After a bit of a disappointing waste of time reading some random books I browsed from my local library before Christmas, I decided I might as well stick to the books I know I actually want to read. And when they’re not on the library shelves, that’s what interlibrary loans were invented for.
I’ve been looking forward to reading the fourth book in the Reckless series by Cornelia Funke since before it was released in English in November of 2021, so why did it take me almost a year and a half to request it? <shrugs in procrastination> On the other end of the spectrum, I knew I wanted to get my hands on the sequel to Leigh Bardugo’s Ninth House and here I’ve read it within two months of its release. Despite lengthy wait lists for both of these books, my hold on them came up quite fast and I read them over the last couple of weeks. These are my thoughts.
Reckless IV: The Silver Tracks by Cornelia Funke
Following the adventures of treasure hunter Jacob Reckless, this installment takes place entirely in the Mirrorworld: a distorted and enchanted reflection of our own. Since the utter decimation of the fairies in Reckless III: The Golden Yarn, the elves they had banished and imprisoned for thousands of years are making their return to the Mirrorworld and re-establishing the ancient seats of power.
Meanwhile, the Goyle king continues to sweep across the lands conquering as he goes despite the loss of his powerful consort, the Dark Fairy. But revenge on her unwitting assassin, who just happens to be Jacob’s brother, Will, may be pointless. The golden yarn that binds up the Dark Fairy’s lifeforce has been kept safe by the most unlikely creature: Fox, a shapeshifter, Jacob’s longtime treasure-hunting companion and, recently, his lover.
While Fox has been compelled to safeguard this powerful life, another begins growing within her: a child, hers and Jacob’s, promised before its conception to the malevolent elf Spieler in exchange for saving Fox from a fearsome death at the hands of a Bluebeard. That rash promise haunts Jacob even while he attempts to save his brother from making a similar mistake; Will is on his way to try and find an elf who can save his love, Sixteen, a Mirror creature who is slowly dying of a fairy’s curse.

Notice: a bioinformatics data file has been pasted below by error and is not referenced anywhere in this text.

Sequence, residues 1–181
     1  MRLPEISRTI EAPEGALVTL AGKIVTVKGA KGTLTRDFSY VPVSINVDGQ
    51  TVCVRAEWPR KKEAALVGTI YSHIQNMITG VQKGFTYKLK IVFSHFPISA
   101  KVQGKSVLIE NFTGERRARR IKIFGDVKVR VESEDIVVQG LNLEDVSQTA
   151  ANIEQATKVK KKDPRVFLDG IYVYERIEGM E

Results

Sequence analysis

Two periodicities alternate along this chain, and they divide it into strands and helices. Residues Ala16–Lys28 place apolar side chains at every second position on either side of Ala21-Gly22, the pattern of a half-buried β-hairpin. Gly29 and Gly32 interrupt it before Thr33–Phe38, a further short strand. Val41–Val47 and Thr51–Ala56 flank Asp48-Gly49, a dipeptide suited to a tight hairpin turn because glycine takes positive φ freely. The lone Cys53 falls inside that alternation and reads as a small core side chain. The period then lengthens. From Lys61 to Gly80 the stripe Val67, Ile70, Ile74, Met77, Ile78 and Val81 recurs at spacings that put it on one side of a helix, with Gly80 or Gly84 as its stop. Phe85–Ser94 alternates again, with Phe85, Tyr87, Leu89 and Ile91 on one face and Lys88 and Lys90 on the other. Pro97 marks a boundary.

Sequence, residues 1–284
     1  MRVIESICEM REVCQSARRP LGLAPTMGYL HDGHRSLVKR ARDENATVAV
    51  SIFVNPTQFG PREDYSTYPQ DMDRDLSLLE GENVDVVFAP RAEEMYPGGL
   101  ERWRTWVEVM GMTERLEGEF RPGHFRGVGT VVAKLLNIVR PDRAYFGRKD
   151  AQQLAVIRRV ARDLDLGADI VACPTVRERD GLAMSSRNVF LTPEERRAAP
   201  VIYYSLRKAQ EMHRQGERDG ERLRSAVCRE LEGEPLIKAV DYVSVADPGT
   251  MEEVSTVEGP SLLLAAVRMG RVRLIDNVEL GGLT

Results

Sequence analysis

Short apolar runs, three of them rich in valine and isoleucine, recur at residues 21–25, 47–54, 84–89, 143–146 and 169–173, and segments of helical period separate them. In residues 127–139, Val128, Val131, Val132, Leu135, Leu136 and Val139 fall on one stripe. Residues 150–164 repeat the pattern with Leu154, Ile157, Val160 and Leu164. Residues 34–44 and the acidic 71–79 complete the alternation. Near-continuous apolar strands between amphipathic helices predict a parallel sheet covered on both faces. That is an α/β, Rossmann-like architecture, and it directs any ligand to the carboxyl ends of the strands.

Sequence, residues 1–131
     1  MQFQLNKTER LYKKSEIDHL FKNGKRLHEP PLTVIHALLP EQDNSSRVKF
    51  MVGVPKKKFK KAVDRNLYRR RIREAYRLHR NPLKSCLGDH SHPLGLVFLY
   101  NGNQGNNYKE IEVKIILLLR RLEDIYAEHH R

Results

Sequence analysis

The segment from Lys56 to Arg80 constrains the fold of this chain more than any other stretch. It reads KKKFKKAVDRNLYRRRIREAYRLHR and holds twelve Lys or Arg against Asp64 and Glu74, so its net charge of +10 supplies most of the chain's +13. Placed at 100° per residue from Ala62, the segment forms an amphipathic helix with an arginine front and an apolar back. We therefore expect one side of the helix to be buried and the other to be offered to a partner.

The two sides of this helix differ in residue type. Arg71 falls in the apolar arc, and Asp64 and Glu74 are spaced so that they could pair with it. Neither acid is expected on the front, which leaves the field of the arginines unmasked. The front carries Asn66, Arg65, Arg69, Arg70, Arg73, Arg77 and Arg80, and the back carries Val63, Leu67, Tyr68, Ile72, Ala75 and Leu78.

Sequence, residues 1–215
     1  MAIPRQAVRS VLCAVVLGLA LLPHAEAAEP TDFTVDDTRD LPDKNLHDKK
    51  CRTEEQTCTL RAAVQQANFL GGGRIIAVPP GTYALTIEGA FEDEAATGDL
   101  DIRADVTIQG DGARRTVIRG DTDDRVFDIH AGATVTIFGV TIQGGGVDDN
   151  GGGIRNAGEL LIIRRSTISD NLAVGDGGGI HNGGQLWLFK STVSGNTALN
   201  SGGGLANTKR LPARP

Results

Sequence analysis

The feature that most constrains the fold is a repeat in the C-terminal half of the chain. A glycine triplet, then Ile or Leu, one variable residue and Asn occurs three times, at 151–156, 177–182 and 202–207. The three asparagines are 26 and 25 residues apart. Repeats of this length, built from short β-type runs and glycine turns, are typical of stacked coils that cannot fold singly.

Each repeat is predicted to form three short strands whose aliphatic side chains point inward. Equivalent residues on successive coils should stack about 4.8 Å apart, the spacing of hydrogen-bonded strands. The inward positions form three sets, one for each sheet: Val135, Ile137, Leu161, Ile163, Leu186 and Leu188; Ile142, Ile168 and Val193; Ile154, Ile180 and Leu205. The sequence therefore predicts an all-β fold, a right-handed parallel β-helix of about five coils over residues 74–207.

If that were all, it would be disastrous enough, but Will is also travelling with Nerron, a spy loyal to the Goyle king who has earned Will’s trust and formed an unlikely friendship with him. Nerron, the Bastard, is a treasure hunter rivalling Jacob, with a conflicting interest in Will’s fate: one that does not include Jacob, Fox, or Sixteen.
The group falls in together reluctantly, bound around Will’s quest. They follow him to Nihon, called the Island of Foxes, where the kitsune are worshipped and where an elf unfriendly to Spieler has taken up residence as a warlord. There, they meet a guide who is more than he seems and discover that the allegiances of elves are not to be relied upon.
Throughout her Reckless series, Funke has built a rich and diverse world full of fairy tales and timeless stories, accented and brought to life by her beautiful illustrative sketches for each chapter. I loved the expansion of the world into Nihon, a Mirrorworld Japan, and the inclusion of the nine-tailed fox mythology. The title alludes mainly to the Silver Alders in which elves were trapped, but also to the road or “track” provided by mirrors that are lined with a special silver to allow passage from one world to the next.